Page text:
Here are some basic instructions and images I put together throughout my Catalyst Machineworks Superlight 4R build. I have thus far only done two test flights, but will report back on how fast this thing goes once I get to some real flight testing. I am hoping for 80mph+ speeds. These instructions will help you to build your own FPV quadcopter from scratch, regardless of the type of frame. I will try to fill in more detailed instructions down the road, but these basic instructions will help you to build your own FPV quadcopter. Happy Racing!
Huge shout out to Catalyst Machineworks despite a small hiccup concerning some missing pieces in my frame kit. They more than made up for it. Their customer service is top notch. I have an email thread going with them and they respond very quickly to my questions and queries. I will be buying the majority of my FPV Quadcopter parts from CM from this point on. I am 100% satisfied with what they have going on down in Texas!
- 3.5mm carbon fiber frame
- 4 X 1407-3600KV motors
- Flip32 Omnibus F4 flight controller
- 4 in 1 20A speed controller
- FrDky XSR Receiver
- RunCam Micro Sparrow 16:9
- RunCam TX200TX
- HQ 4X4.3X3 tri-blade props
Under no circumstances buy anything from Ready To Fly Quads
They sent me an F3 flight controller with a bad OSD chip. It cost me two weeks, and I was unable to contact them. I made three attempts to contact them. I believe they sell defective boards.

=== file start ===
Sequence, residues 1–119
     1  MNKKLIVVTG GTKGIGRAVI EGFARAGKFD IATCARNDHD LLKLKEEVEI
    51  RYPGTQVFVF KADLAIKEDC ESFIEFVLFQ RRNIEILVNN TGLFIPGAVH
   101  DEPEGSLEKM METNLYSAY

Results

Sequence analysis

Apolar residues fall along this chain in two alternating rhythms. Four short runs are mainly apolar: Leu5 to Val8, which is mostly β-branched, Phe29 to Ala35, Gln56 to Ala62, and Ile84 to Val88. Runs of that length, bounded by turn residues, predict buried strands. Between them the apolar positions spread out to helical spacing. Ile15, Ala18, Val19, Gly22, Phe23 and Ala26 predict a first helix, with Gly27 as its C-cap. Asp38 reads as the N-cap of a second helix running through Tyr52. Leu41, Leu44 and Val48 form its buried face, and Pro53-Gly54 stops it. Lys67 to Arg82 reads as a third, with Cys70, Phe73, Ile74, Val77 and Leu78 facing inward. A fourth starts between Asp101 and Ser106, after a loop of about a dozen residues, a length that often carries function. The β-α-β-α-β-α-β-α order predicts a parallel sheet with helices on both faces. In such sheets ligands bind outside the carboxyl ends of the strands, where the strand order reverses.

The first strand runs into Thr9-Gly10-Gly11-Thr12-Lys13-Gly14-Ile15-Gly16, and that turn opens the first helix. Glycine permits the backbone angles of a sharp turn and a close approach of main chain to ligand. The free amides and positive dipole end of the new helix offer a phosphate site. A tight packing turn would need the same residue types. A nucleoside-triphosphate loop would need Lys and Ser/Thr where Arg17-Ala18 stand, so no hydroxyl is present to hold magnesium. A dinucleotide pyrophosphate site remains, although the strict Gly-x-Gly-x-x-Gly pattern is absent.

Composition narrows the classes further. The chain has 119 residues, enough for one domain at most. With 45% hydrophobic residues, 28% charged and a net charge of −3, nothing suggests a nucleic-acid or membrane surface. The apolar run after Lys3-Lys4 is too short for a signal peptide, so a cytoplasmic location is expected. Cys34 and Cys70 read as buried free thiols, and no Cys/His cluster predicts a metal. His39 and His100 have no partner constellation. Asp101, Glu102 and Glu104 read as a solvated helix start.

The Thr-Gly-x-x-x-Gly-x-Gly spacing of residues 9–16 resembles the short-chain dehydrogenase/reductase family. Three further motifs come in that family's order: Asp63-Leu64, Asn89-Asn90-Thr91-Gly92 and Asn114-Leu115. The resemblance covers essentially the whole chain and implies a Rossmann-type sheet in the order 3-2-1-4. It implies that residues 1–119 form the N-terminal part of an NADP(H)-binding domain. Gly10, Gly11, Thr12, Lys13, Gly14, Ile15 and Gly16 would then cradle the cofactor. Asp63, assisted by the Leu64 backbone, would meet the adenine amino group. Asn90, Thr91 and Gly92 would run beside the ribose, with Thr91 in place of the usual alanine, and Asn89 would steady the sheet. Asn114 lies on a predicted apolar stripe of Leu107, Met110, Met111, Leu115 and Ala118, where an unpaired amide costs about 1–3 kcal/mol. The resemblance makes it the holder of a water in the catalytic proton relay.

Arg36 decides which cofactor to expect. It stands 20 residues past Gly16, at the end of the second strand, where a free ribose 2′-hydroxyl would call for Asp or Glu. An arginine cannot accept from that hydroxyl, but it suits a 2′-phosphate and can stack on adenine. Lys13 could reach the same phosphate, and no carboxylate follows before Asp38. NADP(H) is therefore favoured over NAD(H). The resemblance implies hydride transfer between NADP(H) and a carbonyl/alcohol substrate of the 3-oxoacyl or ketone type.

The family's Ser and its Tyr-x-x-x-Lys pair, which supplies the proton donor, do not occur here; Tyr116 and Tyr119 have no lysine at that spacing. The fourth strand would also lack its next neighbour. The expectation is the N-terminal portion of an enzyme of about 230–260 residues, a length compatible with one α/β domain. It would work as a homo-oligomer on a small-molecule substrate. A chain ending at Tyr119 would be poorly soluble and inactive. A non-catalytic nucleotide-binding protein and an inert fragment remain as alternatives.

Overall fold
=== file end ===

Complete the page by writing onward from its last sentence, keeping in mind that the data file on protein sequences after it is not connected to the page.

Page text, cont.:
Some of the images in this post are of an f3 board, the pin outs are the same.
05 February 2018
I have just about everything I need to start putting things together. Before I get ahead of myself, I plan on getting organized by staging parts in a compartmentalized box. This is a bit of a winter project, and I want to take my time. Yeah, right. Well, it's a plan anyway.
- All clockwise motor thread build
- Catalyst Machineworks package came damaged, one of the motor boxes was totally crushed
- This frame is high, high quality carbon fiber - They type you want to just pet
- 3D printed parts also seem to be of a very high quality
- *Kit was missing the aluminum standoffs, put a quick halt to my weekend project - CM sent out the standoffs immediately and I was back in business in a couple days!
I am using an 4 in 1 ESC for this project. So much easier, and cleaner build wise. The only drawback to 4 in 1's is that if any one ESC on the board goes bad, you need to buy a new board. Such is life I suppose.
- Test mount motors and ESC Board
- Cut motor wires to required length
- Cut 4 30mm-34mm lengths of braided PE/Nylon wire sheath
- Pre-shrink some heat shrink tubing slightly on the ends of the wire sheath and feed the motor wires through one at a time
- Test fit motors and wires to prepare for soldering
- Solder all 4 motors to the ESC pads, the order of wiring is not important, you can reverse motors in the BLHeli Configurator
I opted to power the flight controller directly from the battery. I basically just cabbaged on to the batt in pads on the ESC board.
- Remove ESC from the quadcopter
- Test fit the wires
- Cut the wires and give yourself enough slack so you can remove the flight controller to work on it as shown